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Recent Articles

  • Our Collective Struggle Over Technical Debt

    People have struggled to understand and make use of the concept of Technical Debt for over 20 years now. I offer one idea with the hopes of reducing even just a small amount of our collective suffering.

  • Making Use of 'Silly' Advice

    Some advice seems just silly: pointless, nitpicking, arbitrary. You could yell at it, complain about it, ignore it, or perhaps find a way to make use of it. I offer you an example of how to do that.

  • Giraffe Ears: An Example

    A practical example of how to use the “Giraffe Ears” concept from Nonviolent Communication, taken from conversations that programmers routinely have with their coworkers.

  • Two Simple Tools for Handling Open Loops

    Get things out of your head by combining sleep and say, or whatever those tools are called on your system. Schedule 30 minutes to investigate them and figure out how to use them.

  • How TDD Seems To Go Against Agility

    Yet another person yells absurd thoughts about TDD that seem ludicrously easy to debunk. But what if their absurd thoughts are perfectly sensible? What would that mean about TDD and its role in Lightweight Software Development or “agility”? If we put on our Giraffe Ears, we can see the situation differently and possibly even—shockingly—be helpful.

  • The Trouble With 'Readable' Code

    I routinely encounter programmers complaining about “unreadable” code, who then play games of refactoring tug-of-war in their code base. By describing more precisely what they don’t like about the code, they can agree with less effort and move on with their lives.

  • Not Only X, But Also Y

    Learning a new way doesn’t immediately invalidate the old way. Recommending one way doesn’t mean recommending against the alternatives.

  • Scarcity Mindset and Work In Process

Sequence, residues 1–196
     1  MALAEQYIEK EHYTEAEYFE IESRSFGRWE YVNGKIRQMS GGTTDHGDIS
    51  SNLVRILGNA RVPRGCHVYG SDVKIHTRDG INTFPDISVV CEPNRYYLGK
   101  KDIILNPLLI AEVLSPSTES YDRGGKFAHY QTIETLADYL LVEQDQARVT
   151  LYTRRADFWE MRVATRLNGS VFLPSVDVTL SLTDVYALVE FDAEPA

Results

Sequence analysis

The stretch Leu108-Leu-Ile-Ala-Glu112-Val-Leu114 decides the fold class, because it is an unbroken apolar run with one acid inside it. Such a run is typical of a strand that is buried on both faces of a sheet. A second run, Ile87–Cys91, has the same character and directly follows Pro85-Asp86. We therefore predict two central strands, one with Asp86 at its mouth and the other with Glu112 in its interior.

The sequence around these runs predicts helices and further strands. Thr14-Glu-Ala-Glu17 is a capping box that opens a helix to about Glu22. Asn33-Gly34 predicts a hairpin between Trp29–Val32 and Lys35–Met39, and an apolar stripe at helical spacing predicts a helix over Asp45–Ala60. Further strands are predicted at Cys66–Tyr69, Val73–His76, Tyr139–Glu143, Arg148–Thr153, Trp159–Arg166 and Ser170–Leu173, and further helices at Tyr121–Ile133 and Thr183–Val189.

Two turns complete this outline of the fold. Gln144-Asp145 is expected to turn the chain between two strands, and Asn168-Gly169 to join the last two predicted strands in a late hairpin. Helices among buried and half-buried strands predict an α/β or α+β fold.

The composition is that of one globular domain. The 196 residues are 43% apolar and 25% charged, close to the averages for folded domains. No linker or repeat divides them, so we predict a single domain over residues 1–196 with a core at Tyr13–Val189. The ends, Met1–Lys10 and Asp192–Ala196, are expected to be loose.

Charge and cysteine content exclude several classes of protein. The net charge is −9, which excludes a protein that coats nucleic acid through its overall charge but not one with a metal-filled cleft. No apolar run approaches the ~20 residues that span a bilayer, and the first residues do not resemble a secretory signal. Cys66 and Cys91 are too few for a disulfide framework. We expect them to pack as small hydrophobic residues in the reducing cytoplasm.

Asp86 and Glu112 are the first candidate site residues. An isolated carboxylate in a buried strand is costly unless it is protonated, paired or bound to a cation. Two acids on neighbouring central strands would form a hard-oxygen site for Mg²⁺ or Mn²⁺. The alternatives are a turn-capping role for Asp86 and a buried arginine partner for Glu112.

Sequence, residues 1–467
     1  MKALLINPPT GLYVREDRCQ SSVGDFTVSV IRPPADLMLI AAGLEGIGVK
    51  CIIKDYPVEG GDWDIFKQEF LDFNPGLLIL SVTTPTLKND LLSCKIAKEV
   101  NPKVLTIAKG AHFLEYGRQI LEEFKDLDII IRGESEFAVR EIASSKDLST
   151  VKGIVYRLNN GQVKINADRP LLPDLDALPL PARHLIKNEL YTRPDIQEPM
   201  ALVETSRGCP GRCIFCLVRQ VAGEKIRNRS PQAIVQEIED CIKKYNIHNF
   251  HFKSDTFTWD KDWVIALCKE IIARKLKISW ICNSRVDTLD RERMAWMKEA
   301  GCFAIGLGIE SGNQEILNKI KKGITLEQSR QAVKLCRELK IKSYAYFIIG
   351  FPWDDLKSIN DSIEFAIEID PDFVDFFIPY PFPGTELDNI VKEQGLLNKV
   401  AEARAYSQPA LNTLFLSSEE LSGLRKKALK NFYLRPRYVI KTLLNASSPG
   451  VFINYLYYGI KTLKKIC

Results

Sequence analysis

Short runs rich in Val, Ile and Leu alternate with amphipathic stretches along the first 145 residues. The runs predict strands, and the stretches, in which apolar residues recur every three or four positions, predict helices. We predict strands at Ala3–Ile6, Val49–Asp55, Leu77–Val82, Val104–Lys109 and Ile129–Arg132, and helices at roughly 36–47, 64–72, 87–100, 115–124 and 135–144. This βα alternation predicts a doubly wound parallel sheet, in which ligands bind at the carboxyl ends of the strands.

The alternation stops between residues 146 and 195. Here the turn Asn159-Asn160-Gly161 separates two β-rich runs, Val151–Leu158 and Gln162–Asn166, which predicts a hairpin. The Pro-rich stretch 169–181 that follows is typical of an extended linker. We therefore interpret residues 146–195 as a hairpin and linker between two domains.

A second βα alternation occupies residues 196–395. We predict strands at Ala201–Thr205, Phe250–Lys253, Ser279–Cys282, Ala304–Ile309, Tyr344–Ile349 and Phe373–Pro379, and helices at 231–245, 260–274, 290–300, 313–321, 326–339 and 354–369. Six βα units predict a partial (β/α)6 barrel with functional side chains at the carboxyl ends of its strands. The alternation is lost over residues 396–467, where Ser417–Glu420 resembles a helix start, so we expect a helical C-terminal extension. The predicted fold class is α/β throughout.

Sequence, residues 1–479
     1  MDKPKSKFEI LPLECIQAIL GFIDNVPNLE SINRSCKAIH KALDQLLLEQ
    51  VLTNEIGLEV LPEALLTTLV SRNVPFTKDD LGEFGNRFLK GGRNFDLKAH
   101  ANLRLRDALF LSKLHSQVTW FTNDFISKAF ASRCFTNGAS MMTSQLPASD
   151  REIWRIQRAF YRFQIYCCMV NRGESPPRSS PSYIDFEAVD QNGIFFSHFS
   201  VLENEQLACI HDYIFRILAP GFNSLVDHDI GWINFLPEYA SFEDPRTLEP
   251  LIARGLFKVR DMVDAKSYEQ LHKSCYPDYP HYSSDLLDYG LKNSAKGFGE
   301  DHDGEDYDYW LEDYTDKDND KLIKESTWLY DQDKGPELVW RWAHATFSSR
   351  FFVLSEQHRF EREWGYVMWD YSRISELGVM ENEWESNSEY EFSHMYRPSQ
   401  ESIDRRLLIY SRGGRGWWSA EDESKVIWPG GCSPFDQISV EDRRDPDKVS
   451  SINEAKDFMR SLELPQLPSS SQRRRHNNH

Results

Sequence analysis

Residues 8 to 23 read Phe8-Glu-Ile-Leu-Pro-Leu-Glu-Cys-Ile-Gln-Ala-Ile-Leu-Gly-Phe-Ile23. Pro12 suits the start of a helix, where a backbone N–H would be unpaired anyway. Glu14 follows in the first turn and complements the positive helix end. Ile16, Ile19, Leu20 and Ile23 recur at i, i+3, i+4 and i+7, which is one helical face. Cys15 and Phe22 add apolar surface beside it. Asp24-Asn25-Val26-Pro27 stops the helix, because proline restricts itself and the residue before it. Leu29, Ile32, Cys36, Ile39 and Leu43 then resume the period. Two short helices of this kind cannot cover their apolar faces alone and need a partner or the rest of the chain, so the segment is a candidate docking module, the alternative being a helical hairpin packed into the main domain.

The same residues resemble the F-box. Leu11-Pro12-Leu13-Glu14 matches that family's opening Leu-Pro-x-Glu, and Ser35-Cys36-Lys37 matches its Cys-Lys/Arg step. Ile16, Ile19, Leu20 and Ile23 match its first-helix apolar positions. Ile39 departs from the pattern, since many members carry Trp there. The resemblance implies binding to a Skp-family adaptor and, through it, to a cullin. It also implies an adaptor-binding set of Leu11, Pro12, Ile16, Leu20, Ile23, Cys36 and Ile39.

One very common trap that software professionals become stuck in: the positive feedback loop between feeling stressed for time and trying to do everything. Burnout follows for those who don’t find a way to break free of this trap.

  • Agility Creates Options, But Strategy Remains a Free Choice

    Many decision-makers are attracted to Lightweight/Agile ways of working because they believe it will help them deliver faster. Some proponents counter this by focusing on value and proposing a one-size-fits-all way to think about “business value”. I believe that these ways of working ultimately help us most by guiding us to create options so that we can spend less time catching up to our outdated plans and more time consciously executing our business strategy. And we don’t get to outsource our business strategy to “the framework”.

  • Remote Training Without (With Less?) Blame

    Fellow trainers, please resist the urge to blame your participants for what you interpret as insufficient interaction during a remote training session. Clients, please don’t let your trainers blame and shame you for how much you choose to interact during a remote training session.

  • Promoting Working Together With Value Streams

    Mapping your work system’s value stream doesn’t only give you insight into how to reorganize the work, but it also promotes true collaboration by aligning co-workers against a common problem, rather than pitting them against each other.

  • "Being Agile": An Example

    You will read many articles about the difference between “doing Agile” and “being Agile”. For better or worse, I have written another one. Thankfully, I have made it brief.